Scientific American recently revealed that scientists know very little about bats outside the United States. Jessica Welch, a doctoral candidate in UT’s Department of Ecology and Evolutionary Biology, hopes to fix this issue.
According to numbers crunched by Welch, the conservation status of 28 percent of the world’s known bat species is not currently understood. Nearly 200 species are currently listed as “data deficient.” Another 166 have never been evaluated for their extinction risk. The population trends of nearly half of the world’s 1,296 bat species, which determine if their numbers are climbing or shrinking, are also severely understudied. That, combined with the lack of other data on so many species, means that many bats could be at risk of extinction without anyone knowing.
Welch came to this realization when compiling data from the IUCN Red List of Threatened Species for another project. “I noticed that there is relatively little information on bat extinction risk, given that we know so little about bat population trends and sizes,” she told the Scientific American. “For example, there are over 10,000 recognized bird species, with just 812 having an unknown population trend. For bats, 635 species have an unknown population trend.”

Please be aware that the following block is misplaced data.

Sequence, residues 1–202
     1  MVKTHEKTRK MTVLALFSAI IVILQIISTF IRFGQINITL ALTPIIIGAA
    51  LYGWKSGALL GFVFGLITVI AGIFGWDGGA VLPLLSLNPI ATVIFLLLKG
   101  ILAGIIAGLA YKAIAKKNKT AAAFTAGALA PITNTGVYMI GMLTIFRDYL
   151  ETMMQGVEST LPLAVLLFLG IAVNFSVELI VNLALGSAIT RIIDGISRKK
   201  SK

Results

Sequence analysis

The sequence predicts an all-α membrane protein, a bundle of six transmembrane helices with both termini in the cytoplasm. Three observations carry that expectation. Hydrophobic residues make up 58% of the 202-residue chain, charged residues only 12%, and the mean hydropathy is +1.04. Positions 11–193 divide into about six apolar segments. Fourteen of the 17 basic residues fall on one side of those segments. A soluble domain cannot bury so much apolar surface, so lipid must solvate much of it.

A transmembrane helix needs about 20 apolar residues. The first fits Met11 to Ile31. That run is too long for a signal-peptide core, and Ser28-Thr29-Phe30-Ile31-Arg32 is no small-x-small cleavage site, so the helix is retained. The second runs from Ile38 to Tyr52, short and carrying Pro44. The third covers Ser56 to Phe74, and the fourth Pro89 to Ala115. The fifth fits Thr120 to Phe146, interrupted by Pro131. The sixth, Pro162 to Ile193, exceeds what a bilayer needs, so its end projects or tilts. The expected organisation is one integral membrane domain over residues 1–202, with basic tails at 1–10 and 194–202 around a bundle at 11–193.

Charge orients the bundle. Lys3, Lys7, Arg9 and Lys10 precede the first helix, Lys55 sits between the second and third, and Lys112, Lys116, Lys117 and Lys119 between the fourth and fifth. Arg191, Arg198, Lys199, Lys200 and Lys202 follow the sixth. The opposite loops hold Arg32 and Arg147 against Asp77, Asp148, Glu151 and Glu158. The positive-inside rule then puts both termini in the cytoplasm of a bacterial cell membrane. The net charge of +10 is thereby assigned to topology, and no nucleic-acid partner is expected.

Welsh and her co-author Jeremy Beaulieu knew trying to collect population trend data for 635 species would be nearly impossible, which promoted them to use other methods. They decided to look at the information that scientists already know in order to calculate which bat species might be threatened by extinction.
After crunching number and using previous research, they found that six data deficient bats have a high risk of extinction, while ten species were what they called “of high interest.” They also calculated that many of the bats currently on the IUCN Red List may have higher or lower extinction risks than their current assessments. Read the full Scientific American story online.